Steps to “park” a new domain with email and HTTP service. Total cost is ~$12/year assuming you already have a web server set up.
Domain Registration and DNS
- Register domain with Amazon Route53 ($12/year for .com)
- Delete the public “Hosted Zone” ($6/year) since CloudFlare will be used for hosting DNS
- No Route53 Hosted Zone is necessary, unless you want to run a VPC with its own private view of the domain, in which case there needs to be a private Hosted Zone.
- Create CloudFlare free-tier account for DNS hosting
- Change Amazon Route53 DNS server settings over to CloudFlare
- CloudFlare settings that you might want to adjust:
- Crypto/SSL Policy: see below
- Always Use HTTPS: On (unless you need fine-grained control over HTTP→HTTPS redirection)
Assume you have a web server that will respond to HTTP requests on the new domain.
- Option 1: Direct Connection (CloudFlare ingress and SSL termination, but no SSL to the origin)
- Use a single-host A/CNAME record in CloudFlare
- CloudFlare will handle SSL termination, but must be used in “Flexible” crypto mode which reverts to HTTP when talking to the origin server.
- Option 2a: Proper SSL Setup with AWS load balancer (~$240/year) and its built-in certificate
- Create an EC2 load balancer with a certificate appropriate for the domain
- Use a CNAME record in CloudFlare pointing to the load balancer’s dualstack.my-lb-1234566-... DNS name
- Now you can enable CloudFlare’s “Full” crypto mode
- Option 2b: Proper SSL Setup with Let’s Encrypt (free)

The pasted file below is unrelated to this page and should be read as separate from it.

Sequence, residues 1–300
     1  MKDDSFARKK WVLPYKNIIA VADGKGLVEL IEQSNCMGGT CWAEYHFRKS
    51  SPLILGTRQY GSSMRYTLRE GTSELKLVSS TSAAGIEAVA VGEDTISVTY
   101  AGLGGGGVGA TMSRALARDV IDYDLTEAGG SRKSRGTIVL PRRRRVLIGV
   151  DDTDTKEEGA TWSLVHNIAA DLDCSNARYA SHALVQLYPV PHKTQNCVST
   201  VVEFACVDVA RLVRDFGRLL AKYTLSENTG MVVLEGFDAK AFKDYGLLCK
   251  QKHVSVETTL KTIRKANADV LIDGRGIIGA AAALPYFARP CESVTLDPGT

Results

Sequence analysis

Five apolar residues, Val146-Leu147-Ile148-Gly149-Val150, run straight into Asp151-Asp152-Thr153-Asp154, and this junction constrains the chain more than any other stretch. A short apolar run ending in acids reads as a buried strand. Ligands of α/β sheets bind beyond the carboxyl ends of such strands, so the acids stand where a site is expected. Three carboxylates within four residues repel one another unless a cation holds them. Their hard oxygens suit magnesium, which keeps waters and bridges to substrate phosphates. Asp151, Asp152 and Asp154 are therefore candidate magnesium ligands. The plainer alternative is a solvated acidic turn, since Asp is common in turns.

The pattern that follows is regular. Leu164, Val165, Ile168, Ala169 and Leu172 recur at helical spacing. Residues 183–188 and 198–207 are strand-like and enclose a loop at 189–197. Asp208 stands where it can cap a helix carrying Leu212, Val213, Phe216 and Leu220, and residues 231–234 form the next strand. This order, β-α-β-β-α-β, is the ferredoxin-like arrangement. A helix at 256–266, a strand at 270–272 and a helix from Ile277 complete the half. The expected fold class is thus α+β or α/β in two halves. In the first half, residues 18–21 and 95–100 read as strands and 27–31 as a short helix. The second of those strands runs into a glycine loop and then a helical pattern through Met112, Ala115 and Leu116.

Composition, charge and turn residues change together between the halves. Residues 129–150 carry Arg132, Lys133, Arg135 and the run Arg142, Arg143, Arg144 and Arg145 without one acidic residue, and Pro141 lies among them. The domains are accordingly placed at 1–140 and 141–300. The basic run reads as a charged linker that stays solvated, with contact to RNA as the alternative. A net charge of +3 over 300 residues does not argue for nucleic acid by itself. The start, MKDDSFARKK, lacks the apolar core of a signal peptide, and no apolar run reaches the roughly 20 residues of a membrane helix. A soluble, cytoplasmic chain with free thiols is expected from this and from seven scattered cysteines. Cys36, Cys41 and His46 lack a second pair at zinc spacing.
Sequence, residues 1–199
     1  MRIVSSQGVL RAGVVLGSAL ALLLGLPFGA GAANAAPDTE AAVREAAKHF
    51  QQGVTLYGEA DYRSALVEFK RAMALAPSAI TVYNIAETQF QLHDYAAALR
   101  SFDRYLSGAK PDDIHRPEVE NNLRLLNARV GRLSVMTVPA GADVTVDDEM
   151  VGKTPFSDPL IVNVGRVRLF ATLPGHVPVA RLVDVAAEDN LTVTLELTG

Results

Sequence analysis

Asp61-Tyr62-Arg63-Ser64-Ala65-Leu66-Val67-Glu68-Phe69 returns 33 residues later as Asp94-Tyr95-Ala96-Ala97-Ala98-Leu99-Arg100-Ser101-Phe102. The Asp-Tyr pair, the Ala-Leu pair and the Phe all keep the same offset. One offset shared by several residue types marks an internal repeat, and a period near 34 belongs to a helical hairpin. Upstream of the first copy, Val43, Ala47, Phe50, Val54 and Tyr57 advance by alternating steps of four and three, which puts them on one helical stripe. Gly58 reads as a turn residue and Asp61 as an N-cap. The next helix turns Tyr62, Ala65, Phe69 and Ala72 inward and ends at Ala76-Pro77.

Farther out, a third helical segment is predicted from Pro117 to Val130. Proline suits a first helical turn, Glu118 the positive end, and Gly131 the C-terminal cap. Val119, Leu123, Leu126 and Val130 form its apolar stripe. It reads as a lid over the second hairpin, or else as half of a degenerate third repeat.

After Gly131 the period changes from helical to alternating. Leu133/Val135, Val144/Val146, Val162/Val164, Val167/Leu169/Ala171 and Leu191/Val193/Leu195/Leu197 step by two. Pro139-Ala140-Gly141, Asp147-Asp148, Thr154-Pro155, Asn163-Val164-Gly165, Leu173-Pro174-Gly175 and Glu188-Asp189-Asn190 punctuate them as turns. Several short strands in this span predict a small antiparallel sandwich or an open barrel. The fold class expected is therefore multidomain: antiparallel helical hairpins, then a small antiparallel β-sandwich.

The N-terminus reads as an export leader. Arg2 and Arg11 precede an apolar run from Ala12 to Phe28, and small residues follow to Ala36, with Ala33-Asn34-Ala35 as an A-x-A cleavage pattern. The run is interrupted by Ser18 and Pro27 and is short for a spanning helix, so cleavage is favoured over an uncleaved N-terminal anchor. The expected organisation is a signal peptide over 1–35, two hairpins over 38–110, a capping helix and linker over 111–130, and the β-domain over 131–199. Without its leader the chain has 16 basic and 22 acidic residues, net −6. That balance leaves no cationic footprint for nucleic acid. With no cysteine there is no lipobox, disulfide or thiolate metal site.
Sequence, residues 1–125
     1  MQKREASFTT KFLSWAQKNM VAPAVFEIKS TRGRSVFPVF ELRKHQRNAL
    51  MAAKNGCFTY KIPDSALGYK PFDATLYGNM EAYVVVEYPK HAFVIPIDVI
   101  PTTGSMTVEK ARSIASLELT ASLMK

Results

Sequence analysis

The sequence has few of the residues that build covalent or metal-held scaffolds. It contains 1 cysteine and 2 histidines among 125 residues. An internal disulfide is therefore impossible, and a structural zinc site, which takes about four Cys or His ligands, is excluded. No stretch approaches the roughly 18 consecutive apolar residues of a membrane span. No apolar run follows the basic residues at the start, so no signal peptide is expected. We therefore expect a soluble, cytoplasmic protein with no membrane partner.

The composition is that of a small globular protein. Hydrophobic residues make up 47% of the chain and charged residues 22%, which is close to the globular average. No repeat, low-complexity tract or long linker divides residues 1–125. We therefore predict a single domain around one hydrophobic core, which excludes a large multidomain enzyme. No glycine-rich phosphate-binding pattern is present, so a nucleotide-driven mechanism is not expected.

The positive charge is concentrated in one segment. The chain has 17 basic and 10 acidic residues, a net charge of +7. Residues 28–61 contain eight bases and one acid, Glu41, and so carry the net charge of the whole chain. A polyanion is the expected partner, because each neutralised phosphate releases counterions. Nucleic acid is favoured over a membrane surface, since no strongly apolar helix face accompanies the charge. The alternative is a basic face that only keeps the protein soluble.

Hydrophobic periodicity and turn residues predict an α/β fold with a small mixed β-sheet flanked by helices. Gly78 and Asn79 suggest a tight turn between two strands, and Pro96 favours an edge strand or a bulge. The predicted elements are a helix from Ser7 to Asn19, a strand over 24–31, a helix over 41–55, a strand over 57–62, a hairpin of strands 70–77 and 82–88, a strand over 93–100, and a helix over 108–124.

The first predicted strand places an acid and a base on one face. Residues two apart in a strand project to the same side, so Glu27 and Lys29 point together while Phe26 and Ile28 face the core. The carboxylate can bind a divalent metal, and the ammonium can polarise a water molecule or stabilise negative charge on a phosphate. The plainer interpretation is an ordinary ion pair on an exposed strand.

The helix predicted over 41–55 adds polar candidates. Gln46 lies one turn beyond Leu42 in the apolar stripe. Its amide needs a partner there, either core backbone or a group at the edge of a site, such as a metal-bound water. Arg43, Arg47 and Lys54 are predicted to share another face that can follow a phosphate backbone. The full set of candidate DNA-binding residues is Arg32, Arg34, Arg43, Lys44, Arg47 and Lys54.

- TBD – needs some kind of containerized HTTP server that updates the certificate automatically
It is important to be able to receive email addressed to firstname.lastname@example.org, for example to respond to verification emails for future domain transfers or SSL certificate issuance.
Email forwarding can be set up for free using Mailgun:
- Create Mailgun free-tier account on the top-level domain
- Add the necessary DNS records for Mailgun at CloudFlare (domainkey and MX servers)
- In Mailgun’s “Routes” panel, create a rule that matches incoming email to email@example.com and forwards it as necessary
If you actually want to receive (not just forward) incoming email, either use Gmail on the domain, or the following (nearly-free) AWS system:
- In Amazon SES, add and verify the domain
- This will require adding a few more records at CloudFlare, including MX records
- Set up an SES rule to accept incoming email and store messages in S3
- Use a script like this one to poll S3 for new messages and deliver them via procmail